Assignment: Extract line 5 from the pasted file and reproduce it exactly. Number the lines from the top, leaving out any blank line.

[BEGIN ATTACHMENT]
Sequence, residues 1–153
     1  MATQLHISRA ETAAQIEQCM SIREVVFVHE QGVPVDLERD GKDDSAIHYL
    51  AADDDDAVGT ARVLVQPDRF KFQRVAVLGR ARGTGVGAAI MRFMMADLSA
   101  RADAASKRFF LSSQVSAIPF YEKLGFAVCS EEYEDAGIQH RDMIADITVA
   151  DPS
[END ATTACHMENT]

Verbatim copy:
   151  DPS